If the fun and frippery of summer are wearing you out already, explore a darker side of life at these readings, talks, and historical walks.
Tuesday, June 17
The Syrian Refugee Crisis with Diego Cupolo and Rahawa Haile
Photojournalist Diego Cupolo has documented sinister environments and the tough lives lived in them from Bushwick to Montevideo. Tonight at WORD, he discusses his recently released book, Seven Syrians: War Accounts From Syrian Refugees. Cupolo painstakingly records the lives of survivors of the current conflict, combining text and photos into a series of compelling portraits. He’ll be in discussion with Brooklyn-based writer/essayist Rahawa Haile.
WORD Bookstore (126 Franklin St), Greenpoint. 7pm. Free. Facebook RSVP encouraged.
War Correspondents at the Brooklyn Brewery
Brewery co-founder Steve Hindy also happens to be an ex-foreign correspondent, and this series sees him in conversation with war reporters and photojournalists who have covered conflict across the globe. Tonight, he’ll be talking to Scott Anderson, author of Lawrence in Arabia: War, Deceit, Imperial Folly and the Making of the Modern Middle East and witness to crises that have taken place from the Middle East to Northern Ireland to El Salvador. Proceeds from the series go towards the non-profit RISC (Reporters Instructed in Saving Colleagues), which provides free first aid training to freelance conflict journalists. Brooklyn Brewery (79 North 11th St), Williamsburg. 7:30pm. Tickets are $25 and include one beer.
Wednesday, June 18
Sheila Bapat is an attorney and writer, whose work focuses on issues of economic and gender (in)justice. In her latest book, she turns her attention to the labor struggles within the domestic worker realm—historically a black hole for unionizing efforts and labor rights. Bapat’s work shows that this trend is slowly shifting, and through interviews with community leaders and activists, chronicles the escalating movement to secure labor protections for the invisible people who work in the “private” domestic realm.
Bluestockings (172 Allen St), Lower East Side. 7pm. Fre.
Friday, June 20
Storytelling and the Line Between Fact and Fiction with R. Clifton Spargo and Anne Ream
Both R. Clifton Spargo and Anne Ream are Chicago-based writers with recently published non-fiction books; Beautiful Fools: The Last Affair of Zelda and Scott Fitgerald and Lived Through This: Listening to the Stories of Sexual Violence Survivors respectively. Join the writers in a discussion about these books, and the fraught connection between fact and fiction. KGB Bar (85 East 4th St), East Village. 7-9pm. Free.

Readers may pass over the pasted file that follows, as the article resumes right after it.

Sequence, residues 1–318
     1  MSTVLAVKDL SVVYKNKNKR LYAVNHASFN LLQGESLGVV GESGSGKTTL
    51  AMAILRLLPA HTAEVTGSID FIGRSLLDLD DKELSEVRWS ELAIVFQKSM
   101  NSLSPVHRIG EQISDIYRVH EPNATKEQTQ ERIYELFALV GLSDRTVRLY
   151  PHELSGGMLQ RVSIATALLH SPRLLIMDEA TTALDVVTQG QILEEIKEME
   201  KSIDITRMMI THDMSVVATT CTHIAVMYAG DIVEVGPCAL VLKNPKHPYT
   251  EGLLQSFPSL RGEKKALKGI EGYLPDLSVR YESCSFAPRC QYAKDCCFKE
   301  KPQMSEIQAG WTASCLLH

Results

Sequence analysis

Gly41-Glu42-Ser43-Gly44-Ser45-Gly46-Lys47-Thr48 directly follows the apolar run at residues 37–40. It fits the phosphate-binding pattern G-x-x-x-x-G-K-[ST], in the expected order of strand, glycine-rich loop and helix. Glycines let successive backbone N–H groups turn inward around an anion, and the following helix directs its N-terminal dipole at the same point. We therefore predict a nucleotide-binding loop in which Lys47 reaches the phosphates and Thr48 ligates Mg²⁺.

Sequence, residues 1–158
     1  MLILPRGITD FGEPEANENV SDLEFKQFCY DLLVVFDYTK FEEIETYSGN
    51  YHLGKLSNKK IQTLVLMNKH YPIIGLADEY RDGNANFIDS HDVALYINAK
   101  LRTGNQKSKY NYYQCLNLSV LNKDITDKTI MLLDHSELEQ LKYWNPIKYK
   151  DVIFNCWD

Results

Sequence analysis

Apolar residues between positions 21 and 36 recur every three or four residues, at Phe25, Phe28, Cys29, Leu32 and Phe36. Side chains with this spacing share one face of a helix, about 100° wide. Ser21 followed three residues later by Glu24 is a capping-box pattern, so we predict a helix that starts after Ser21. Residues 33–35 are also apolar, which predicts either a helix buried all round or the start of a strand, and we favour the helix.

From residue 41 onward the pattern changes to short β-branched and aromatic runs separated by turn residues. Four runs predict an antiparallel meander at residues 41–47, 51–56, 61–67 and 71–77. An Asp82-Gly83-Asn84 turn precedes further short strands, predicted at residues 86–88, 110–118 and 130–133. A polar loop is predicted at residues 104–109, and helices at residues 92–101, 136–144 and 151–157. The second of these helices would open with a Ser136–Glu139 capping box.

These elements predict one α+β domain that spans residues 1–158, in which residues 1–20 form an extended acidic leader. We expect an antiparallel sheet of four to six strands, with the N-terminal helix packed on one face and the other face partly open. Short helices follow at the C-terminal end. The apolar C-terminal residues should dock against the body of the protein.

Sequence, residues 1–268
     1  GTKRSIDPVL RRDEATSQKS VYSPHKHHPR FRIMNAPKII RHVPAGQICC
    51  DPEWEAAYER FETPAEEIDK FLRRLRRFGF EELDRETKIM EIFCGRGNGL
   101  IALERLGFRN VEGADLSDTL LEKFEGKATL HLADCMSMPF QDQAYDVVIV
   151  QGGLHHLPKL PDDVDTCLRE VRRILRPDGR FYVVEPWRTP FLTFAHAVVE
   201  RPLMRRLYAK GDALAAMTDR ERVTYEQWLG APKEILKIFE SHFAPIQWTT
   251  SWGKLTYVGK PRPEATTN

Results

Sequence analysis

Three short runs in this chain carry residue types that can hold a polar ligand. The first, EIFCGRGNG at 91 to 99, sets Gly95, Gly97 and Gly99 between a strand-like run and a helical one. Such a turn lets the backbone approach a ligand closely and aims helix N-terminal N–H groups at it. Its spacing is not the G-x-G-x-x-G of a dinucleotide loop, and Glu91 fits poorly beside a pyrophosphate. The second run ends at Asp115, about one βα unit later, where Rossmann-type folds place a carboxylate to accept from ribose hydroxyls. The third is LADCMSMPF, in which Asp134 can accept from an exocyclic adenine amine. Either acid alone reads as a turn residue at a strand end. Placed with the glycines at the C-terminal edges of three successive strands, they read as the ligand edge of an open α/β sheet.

Saturday, June 21
Marxism and Film: A Conversation with Jean-Pierre Godin
French writer, academic and filmmaker Jean-Pierre Gorin famously collaborated with Jean-Luc Godard during the latter’s “radical” period. A Leftist influenced by Louis Althusser, Michel Foucault and Jacques Lacan, Gorin’s political leanings consistently influenced his film work. He went on to teach as a university professor in California, and continued to make movies. Of one, Poto and Cabengo (1978), he explained: “The singsong of the twins reveals the shaky grounds of institutional power. It relativizes discursive authority from the family to the scientific community in their competitive and ineffectual attempts to ‘define’ the twins who spontaneously flit about the screen exceeding any definition.” If that makes any sense to you, join Gorin for a chat about Marxism and the movies. What better way to spend a Saturday night?
Light Industry (155 Freeman St), Greenpoint. 7pm. $7.
Sunday, June 22
Bushwick History Photo Walk with Meryl Meisler
We all know Bushwick has changed, but none of us more so than Meryl Meisler. The photographer, who worked as an art teacher in Bushwick from the early ’80s, recalls that at the time the neighborhood “looked like the photographs that I had seen of Beirut.” She set about capturing the life among the ruins. Now, perfectly safely, you can join the photographer for a tour of her current exhibition of “Disco Era Bushwick” photographs, and a walking tour of the neighborhood. Bring a camera.
Bizarre Black Box Gallery (12 Jefferson St). 11am-1pm. Free. For queries and RSVP, email Meryl Meisler (firstname.lastname@example.org).
Monday, June 23
International Crime Month at Strand
Apparently it’s International Crime Month. That sounds like a recipe for global anarchy and intrigue, but is instead an opportunity for various publishing houses to introduce the (under-read?) genre of international crime writing to a broader audience. Marc Pastor is a Catalan master of the form, and his gothic book Barcelona Shadows has been recently translated into English to critical acclaim. Join the author for a discussion of “a book that makes the reader doubt the sanity of life itself,” and see whether crime fiction could be your new go-to.
Strand Bookstore (828 Broadway). 7-8pm. Buy a copy of Barcelona Shadows or a $15 Strand gift card in order to attend this event.